The Lady Victoria Buxton Girls' Club was established in Adelaide by the Church of England in 1898. It began as a meeting place for girls working in West Adelaide factories and developed into a hostel. In the 1920s it had room for more than 30 girls. The Lady Victoria Buxton Girls' Club operated until 1955.
The Lady Victoria Buxton Girls' Club was established by its patron, Lady Victoria Buxton in 1898 in Bowen Street , Adelaide, and was run by the Church of England. Lady Victoria Buxton was the wife of the then Governor of South Australia, Sir Henry Fowell Buxton. In 1903 the Club moved to larger premises in Whitmore Square, Adelaide.
The Lady Victoria Buxton Girls' Club was founded 'to provide rooms where factory girls and others living in West Adelaide might meet for amusement and instruction'. It developed into a hostel for 25 girls. This number increased to 34 by 1923. Through donations, fund raising events and sales of the Kookaburra Cookery Book the Club was able to make several additions to the premises including a new hall in 1929. The Club operated until 1955.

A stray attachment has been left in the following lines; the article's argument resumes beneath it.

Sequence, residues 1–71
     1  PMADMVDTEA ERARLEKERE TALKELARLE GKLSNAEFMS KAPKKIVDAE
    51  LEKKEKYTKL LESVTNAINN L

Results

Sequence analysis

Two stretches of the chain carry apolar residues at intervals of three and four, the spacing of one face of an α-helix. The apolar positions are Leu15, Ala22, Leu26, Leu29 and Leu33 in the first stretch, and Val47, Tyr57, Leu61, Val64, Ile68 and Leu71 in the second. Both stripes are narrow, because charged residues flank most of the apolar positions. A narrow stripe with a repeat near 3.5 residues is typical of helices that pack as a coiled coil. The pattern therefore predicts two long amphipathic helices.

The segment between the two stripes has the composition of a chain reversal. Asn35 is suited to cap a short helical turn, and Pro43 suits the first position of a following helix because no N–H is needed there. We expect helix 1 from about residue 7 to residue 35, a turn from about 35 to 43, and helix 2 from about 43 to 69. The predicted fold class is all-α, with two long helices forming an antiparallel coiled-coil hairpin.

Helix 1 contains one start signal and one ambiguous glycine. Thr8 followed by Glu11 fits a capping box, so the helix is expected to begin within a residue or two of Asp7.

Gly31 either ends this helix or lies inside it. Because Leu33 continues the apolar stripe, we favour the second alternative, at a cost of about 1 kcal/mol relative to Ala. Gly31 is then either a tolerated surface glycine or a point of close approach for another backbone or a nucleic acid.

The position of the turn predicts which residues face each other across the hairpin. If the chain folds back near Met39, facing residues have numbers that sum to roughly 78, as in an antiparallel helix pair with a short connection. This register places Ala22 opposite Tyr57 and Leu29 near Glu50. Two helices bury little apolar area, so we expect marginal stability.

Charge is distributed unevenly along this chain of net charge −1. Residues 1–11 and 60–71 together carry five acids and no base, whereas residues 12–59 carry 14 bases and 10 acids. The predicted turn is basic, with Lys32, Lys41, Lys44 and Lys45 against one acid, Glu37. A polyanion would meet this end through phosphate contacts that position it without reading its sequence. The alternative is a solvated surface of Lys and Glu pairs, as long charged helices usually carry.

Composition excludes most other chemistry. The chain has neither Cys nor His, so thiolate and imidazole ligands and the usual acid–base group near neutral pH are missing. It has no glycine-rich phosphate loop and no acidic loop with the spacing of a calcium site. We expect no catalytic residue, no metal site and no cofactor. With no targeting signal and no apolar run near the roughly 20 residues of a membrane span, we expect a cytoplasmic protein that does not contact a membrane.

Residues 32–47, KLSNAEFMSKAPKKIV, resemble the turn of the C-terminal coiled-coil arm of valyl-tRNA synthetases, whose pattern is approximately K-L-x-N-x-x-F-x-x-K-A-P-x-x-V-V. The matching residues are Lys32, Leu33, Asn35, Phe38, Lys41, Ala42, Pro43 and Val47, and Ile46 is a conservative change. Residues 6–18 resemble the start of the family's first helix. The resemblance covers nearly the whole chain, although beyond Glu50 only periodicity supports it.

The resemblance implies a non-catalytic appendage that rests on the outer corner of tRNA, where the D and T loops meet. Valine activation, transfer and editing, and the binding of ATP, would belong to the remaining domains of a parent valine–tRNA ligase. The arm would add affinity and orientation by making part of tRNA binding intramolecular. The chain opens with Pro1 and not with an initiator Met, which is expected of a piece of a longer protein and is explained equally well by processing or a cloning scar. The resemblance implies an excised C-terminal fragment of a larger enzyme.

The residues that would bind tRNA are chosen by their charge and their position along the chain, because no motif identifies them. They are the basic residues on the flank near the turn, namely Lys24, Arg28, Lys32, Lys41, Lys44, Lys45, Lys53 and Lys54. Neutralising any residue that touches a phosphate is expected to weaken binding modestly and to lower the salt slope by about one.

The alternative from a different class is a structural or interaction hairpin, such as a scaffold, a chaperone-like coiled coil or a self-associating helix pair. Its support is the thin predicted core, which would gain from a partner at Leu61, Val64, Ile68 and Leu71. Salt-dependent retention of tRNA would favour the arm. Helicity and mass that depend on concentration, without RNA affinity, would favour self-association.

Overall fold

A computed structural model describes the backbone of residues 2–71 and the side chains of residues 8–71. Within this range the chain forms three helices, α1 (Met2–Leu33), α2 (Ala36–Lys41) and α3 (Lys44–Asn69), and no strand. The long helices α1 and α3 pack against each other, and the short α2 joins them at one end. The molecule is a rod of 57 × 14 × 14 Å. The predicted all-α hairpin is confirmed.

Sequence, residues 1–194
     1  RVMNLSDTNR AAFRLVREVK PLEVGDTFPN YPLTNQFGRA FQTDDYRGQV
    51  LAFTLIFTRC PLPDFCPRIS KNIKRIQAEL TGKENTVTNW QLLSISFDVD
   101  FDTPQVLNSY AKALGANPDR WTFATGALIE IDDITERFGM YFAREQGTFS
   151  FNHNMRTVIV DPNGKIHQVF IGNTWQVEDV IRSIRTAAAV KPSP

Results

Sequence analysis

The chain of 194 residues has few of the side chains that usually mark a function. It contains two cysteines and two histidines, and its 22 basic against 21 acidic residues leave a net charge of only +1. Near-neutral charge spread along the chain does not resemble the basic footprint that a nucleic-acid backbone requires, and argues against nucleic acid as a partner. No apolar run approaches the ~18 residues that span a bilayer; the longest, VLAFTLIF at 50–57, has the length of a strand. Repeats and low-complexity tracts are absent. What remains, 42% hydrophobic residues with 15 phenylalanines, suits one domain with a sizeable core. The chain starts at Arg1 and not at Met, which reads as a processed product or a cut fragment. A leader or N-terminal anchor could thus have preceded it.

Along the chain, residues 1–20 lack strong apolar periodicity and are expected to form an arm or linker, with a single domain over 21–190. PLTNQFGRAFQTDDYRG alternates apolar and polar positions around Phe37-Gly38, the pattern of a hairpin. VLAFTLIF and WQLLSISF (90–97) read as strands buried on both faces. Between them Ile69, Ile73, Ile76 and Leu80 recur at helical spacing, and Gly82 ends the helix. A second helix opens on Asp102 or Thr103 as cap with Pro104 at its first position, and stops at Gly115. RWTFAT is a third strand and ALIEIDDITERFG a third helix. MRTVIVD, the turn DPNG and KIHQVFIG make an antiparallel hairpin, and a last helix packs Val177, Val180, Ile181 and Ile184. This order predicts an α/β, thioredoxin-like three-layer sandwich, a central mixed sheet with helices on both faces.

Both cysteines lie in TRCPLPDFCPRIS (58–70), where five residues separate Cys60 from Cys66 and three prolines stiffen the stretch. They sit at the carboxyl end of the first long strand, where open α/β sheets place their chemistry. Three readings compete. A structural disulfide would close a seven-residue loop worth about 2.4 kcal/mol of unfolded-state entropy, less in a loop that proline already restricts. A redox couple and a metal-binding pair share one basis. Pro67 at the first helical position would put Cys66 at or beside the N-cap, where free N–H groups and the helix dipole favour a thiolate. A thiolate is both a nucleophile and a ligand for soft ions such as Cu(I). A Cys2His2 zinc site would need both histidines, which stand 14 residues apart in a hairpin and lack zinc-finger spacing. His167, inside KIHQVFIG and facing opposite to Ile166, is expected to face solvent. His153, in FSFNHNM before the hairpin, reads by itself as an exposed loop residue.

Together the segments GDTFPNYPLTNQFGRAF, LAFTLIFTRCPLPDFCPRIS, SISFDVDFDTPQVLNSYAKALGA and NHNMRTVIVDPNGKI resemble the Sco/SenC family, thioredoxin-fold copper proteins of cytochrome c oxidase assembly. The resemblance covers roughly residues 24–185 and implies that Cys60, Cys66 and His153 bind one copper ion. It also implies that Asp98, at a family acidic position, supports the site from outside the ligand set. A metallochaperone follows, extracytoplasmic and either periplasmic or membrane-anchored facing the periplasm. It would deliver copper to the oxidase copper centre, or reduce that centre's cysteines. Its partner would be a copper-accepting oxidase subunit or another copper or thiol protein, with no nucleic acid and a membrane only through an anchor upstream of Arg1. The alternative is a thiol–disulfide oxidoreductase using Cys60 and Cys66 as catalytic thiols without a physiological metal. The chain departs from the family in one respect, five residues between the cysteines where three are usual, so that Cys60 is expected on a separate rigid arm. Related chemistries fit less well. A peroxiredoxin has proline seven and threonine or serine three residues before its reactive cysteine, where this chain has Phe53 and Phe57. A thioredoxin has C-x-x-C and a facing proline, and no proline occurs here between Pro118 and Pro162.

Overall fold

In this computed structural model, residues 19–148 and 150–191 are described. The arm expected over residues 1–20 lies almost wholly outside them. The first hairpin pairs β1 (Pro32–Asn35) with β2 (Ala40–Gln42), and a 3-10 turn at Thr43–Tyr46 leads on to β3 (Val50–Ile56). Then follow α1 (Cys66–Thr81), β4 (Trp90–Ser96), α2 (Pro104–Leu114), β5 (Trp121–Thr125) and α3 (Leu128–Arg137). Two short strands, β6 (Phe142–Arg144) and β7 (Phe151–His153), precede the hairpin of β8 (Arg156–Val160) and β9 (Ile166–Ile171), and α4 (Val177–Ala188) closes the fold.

Sources used to compile this entry: 'Philanthropic - Lady Victoria Buxton Girls' Club - Annual Meeting', The Register (Adelaide, South Australia), 3 September 1903, p. 8, http://nla.gov.au/nla.news-article60000052; 'Caring for Girls - An Important Institution', The Register (Adelaide, South Australia), 6 July 1916, p. 7, http://nla.gov.au/nla.news-article60611326; George, Karen, Finding your own way, Nunkuwarrin Yunti of South Australia Inc., 2005, http://nunku.org.au/resources/.
Prepared by: Karen George and Gary George
Created: 3 February 2011, Last modified: 5 December 2017